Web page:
This study investigated the differences in job attitudes between part-time (n = 96) and full-time (n = 82) workers in Korean sports organizations. They responded to a questionnaire including Meyer and Allen's (1984) scales for affective (AC) and continuance commitment (CC), and Smith, Organ, and Neat’s (1983) organizational citizenship behavior (OCB) questionnaire. Confirmatory factor analyses of the data supported the subscale structures and the equivalence of measurement in the two groups. The full-time workers scored significantly higher on AC and OCB while the part-time workers scored higher on CC. While the relationship between AC and OCB was positive and significant in both groups, it was stronger in the full-time group than in the part-time group. The relationship between CC and OCB was significant and negative only in the case of the full-time group. The implication is that part-time work is not as conducive as fall-time work for developing affective commitment or organizational citizenship behavior.

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Camille Gagné and Isabelle Harnois

Background:

Data available indicate that numerous childcare workers are not strongly motivated to engage children aged 3–5 in physical activity. Using the theory of planned behavior as the main theoretical framework, this study has 2 objectives: to identify the determinants of the intention of childcare workers to engage preschoolers in physical activity and to identify the variables that could be used to develop an intervention to motivate childcare workers to support preschoolers’ physical activity.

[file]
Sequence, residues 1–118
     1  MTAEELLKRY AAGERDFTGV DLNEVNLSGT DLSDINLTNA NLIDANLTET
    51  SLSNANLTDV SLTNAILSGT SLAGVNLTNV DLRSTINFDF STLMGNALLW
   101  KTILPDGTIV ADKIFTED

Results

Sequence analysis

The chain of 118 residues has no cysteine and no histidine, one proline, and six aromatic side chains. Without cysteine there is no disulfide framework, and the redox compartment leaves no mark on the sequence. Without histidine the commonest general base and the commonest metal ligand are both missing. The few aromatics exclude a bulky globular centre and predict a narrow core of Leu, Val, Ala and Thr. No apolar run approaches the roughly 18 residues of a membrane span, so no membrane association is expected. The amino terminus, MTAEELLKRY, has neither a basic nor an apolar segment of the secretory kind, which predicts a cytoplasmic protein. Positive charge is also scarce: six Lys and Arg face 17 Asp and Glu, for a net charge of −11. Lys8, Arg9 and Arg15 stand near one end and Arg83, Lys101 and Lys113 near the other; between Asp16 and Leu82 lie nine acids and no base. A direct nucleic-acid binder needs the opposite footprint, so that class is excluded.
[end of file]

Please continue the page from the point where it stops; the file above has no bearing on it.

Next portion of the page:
Methods:

174 childcare workers from 60 childcare centers selected at random in 2 regions of Quebec completed a self-administered questionnaire assessing the constructs of the theory of planned behavior as well as past behavior, descriptive norm and moral norm.

Results:

Moral norm, perceived behavioral control and subjective norm explained 85% of the variance in intention to engage the children in physical activity.

Conclusions:

To motivate childcare workers, it is necessary that they perceive that directors, children’s parents and coworkers approve of their involvement in children’s physical activity. In addition, their ability to overcome perceived barriers (lack of time, loaded schedule, inclement weather) should be developed. Access to a large outdoor yard might also help motivate childcare workers.